And now for my ultimate pet-peeve, the biggest cliche on film these days…
5. Those darn Nazis! OF COURSE the killer has some connection to Nazis and the Holocaust. It’s set somewhere in Europe, isn’t it? Forget the fact that the murder occurred in 1966, this killer was still really mad at those Jews!
With that said, the movie had bright spots and held my attention, but with all the hype, I was expecting more. Let’s hope David Fincher and Steven Zaillian’s American remake improves upon the Swedish original.
Good Luck and Happy Writing,
p.s. What did you think of this film? Sound off in the comments below.
First off, the original movie was three hours long, so you’re seeing a heavily edited version on Netflix. That said, I thought even the edited version was brilliant.
Secondly, Lisbeth Salander has every reason to hate men (considering the horrendous things they’ve done to her) and the thought that she might forgive one of them is laughable. This isn’t a story about forgiveness, it’s a condemnation of the horrible things men do to women and a society that allows it. Lizabeth is not only fighting back against those men, but the system that destroyed her life.
Thirdly, we get to know the extended family and the victim as well as Mikael does. Because we are seeing the investigation unfold through his eyes, we shouldn’t know any more than he does. And because he’s an outsider who can only gather a certain amount of information, his knowledge will be limited. As to the victim herself, it’s not really necessary for us to know her. All we need to know is how she affected the man who hired Mikael and how the mystery itself affects Mikael.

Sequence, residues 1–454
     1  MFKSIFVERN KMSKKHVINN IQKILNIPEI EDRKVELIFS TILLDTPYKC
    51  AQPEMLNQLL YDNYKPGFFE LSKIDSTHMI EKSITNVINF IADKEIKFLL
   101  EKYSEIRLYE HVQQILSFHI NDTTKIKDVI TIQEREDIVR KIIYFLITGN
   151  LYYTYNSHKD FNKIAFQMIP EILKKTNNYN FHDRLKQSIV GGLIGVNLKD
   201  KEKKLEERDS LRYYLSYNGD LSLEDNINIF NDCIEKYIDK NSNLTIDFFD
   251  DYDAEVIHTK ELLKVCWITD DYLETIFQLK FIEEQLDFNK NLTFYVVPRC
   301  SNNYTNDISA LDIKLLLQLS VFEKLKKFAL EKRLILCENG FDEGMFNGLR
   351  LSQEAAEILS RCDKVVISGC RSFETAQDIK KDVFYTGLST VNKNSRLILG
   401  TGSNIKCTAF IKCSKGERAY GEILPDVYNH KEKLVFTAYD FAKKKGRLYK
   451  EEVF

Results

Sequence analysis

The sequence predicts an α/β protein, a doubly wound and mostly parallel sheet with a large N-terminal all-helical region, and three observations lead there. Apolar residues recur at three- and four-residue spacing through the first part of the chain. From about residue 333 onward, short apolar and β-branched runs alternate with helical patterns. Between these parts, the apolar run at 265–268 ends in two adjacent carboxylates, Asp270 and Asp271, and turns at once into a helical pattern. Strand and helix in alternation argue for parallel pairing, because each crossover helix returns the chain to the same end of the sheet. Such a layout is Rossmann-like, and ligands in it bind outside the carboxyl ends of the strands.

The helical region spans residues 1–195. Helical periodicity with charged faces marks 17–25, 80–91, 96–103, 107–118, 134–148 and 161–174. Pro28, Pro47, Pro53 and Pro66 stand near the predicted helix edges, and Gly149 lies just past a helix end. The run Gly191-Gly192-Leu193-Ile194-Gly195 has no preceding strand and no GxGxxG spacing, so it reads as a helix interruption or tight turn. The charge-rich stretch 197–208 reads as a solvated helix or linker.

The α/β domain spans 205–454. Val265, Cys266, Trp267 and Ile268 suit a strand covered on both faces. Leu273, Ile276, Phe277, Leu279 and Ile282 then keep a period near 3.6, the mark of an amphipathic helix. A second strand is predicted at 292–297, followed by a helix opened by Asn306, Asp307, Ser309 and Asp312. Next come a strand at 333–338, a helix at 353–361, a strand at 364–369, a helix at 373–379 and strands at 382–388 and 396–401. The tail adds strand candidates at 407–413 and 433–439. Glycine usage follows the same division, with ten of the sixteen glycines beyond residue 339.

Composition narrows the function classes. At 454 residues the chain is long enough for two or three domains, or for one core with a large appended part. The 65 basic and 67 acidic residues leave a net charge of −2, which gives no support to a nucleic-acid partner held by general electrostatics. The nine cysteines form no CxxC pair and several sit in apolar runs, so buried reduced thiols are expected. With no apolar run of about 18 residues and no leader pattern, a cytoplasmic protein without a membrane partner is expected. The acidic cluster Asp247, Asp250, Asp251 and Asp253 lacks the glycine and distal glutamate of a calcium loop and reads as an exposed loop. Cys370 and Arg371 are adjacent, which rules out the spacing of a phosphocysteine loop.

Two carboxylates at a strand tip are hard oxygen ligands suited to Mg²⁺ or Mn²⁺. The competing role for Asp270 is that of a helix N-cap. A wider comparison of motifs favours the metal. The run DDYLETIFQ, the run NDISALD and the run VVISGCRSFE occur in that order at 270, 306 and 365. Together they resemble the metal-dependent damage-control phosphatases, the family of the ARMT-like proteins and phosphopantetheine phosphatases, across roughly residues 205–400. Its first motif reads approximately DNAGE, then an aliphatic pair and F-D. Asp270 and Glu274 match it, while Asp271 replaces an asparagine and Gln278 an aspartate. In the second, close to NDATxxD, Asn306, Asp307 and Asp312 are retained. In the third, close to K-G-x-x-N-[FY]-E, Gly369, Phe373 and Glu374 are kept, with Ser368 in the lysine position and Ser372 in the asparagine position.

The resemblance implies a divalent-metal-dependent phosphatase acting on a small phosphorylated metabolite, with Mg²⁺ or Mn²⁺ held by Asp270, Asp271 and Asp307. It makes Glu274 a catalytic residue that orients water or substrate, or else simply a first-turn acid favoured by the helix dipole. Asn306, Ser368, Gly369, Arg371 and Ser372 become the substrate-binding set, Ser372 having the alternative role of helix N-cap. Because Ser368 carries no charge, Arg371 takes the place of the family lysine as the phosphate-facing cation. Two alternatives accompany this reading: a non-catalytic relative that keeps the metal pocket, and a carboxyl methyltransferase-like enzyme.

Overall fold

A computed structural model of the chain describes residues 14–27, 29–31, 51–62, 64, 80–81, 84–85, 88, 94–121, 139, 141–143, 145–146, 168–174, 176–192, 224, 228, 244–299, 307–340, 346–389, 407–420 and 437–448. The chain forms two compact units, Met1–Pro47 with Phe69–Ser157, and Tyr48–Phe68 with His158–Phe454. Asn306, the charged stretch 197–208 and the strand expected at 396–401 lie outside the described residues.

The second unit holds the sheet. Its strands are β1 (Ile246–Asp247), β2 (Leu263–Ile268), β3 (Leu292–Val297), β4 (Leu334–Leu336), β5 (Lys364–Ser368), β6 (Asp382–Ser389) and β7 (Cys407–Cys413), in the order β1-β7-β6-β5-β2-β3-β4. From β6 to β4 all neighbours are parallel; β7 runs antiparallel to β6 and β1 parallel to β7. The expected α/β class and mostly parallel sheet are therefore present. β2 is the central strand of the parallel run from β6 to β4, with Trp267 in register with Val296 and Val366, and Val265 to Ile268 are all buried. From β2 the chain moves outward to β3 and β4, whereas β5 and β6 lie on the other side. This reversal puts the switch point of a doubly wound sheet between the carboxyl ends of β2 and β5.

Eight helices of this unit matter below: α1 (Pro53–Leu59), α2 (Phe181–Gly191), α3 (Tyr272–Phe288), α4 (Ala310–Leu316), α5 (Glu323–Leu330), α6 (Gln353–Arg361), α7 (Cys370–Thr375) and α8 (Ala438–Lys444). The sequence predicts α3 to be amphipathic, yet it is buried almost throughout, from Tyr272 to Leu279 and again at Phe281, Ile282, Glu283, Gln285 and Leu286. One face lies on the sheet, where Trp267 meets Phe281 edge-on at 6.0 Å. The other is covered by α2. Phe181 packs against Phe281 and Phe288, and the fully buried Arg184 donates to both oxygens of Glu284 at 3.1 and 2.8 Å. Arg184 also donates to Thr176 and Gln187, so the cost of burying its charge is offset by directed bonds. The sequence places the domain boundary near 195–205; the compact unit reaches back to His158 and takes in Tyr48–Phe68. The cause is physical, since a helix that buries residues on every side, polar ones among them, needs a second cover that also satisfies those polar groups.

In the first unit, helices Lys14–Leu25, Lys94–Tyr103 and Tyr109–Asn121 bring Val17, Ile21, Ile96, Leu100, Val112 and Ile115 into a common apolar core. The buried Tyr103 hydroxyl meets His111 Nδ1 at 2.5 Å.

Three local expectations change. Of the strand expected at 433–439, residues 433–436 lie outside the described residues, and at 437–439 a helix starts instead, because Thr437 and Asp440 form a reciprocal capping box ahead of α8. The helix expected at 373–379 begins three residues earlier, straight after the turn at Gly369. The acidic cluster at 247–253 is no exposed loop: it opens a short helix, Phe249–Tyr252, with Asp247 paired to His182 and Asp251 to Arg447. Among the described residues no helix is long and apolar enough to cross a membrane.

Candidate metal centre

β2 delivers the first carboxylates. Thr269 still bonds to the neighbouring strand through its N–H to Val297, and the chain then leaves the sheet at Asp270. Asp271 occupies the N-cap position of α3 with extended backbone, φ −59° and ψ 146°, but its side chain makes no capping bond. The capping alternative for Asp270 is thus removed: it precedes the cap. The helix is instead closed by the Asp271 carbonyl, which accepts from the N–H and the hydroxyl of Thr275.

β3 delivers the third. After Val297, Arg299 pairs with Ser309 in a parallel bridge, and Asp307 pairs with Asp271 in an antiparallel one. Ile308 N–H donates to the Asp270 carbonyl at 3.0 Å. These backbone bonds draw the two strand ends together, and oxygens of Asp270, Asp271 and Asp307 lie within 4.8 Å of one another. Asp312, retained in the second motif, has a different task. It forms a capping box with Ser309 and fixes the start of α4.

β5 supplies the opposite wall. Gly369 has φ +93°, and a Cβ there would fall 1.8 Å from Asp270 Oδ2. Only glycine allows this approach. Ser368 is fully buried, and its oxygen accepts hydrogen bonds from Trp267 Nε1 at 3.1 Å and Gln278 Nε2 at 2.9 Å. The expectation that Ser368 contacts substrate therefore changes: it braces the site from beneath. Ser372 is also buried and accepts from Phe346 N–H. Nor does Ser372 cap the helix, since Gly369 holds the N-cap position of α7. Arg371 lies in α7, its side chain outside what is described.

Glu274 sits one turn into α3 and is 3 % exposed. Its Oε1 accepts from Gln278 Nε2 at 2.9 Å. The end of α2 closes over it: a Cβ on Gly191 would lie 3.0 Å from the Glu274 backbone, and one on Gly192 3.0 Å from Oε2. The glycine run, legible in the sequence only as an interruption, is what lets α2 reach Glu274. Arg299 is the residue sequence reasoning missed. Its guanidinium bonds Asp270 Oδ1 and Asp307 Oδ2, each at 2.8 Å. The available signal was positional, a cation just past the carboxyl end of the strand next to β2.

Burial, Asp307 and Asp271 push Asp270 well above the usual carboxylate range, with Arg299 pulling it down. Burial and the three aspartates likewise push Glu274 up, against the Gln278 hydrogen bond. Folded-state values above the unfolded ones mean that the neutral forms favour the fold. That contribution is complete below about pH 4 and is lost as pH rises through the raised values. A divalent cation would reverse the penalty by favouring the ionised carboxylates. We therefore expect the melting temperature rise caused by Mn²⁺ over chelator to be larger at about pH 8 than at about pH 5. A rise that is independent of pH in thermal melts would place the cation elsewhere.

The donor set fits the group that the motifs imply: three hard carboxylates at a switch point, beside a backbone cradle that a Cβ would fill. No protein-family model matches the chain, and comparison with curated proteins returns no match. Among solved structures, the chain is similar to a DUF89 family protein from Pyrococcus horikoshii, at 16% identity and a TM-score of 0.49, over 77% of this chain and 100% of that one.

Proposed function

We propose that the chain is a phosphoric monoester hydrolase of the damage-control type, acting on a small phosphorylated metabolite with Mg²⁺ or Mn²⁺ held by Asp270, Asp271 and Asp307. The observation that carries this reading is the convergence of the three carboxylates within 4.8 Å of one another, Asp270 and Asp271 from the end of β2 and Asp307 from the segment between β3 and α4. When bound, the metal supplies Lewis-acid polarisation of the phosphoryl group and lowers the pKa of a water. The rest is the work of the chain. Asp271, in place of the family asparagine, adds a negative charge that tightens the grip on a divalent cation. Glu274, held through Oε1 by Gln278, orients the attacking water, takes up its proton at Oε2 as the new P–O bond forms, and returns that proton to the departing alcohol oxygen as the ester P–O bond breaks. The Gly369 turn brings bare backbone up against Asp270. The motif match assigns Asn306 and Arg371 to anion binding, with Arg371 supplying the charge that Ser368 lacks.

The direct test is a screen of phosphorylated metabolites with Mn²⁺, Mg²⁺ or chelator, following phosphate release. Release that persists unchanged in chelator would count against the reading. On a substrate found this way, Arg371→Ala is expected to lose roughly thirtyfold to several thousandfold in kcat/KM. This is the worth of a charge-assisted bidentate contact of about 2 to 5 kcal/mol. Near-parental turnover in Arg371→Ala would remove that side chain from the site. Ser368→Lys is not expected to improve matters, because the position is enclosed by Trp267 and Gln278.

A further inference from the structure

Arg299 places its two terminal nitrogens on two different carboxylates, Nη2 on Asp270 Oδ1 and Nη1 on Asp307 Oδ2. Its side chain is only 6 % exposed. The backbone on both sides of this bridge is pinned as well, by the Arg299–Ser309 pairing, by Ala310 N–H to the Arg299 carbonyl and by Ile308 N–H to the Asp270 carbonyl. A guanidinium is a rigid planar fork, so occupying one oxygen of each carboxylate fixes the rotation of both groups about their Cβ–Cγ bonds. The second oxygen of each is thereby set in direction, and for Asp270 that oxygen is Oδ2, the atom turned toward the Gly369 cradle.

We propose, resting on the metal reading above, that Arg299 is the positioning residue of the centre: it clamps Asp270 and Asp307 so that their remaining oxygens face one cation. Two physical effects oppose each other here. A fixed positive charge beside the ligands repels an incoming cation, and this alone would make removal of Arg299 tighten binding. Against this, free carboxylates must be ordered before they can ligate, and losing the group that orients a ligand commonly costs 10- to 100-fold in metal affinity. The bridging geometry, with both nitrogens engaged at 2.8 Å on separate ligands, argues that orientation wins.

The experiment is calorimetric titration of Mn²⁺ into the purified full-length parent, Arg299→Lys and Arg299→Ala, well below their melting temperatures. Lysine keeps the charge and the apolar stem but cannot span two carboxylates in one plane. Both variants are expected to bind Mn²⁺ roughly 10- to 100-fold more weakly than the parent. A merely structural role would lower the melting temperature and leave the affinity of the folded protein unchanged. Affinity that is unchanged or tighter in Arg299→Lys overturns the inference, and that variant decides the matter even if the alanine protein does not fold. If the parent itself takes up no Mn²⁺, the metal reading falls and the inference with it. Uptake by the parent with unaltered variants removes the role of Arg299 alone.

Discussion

Also, keep in mind that Mikael was about six or seven years old when the girl and her cousin babysat him. It’s doubtful that anyone there would recognize him today. Besides, they all KNOW who he is. It’s not a secret. So why does it need to be mentioned?
Finally, regarding the Nazis, you have to remember where this was set and the time frame in which the murders took place. They began in the mid-forties and continued through to the sixties (by the original killer who was a Nazi and a Jew hater). This is not an even remotely far-fetched notion, particularly in Sweden.
The Girl with the Dragon Tattoo is a compelling, complex mystery/thriller that is beautifully acted, directed and shot. David Fincher, as fine a filmmaker as he is, will have a very hard time topping the Swedish version.
I appreciate your responses. Ultimately, the film didn’t suck me in such that I was willing to give it another viewing and really study every plot detail. Honestly, I was bored. Yes, I’m a tough critic, but as I said, thrillers like Tell No One, Taken and The Silence of the Lambs have sucked me in and held my rooting interest from start to finish.
And an update, one year later, as the Fincher movie is soon to be released: I tried to read the first “Dragon Tattoo” book…and gave up! Argh. As Elmore Leonard said in an interview when asked about the book, “That was a lot of writing.” It’s not that I don’t enjoy crime fiction with a lot of detail — I enjoy Michael Connelly, Dennis Lehane, and “The Devil in the White City” by Eric Larson was fantastic. I just found Dragon Tattoo to be tedious. To each his own.
Thanks for reading! Feel free to post comments elsewhere. 🙂
A couple responses:
-- We never got to know the girl who was murdered -- 1) she was not murdered 2) no character development, agreed, but we do get to see the connection to the disappearance/serial killing
-- The nazi connection -- I believe it’s a valid connection. Remember, the first murders started in 1949 (I believe) so the original killer, Gottfried, started shortly after the war, and his murders were biblical and based on Jewish prejudice -- something Martin felt was a mistake on his part.
I liked the film, felt it was well shot and directed. I’ve seen a dubbed copy, easier to watch and appreciate. Of course, the book had more character development and detail…but that’s usually the case.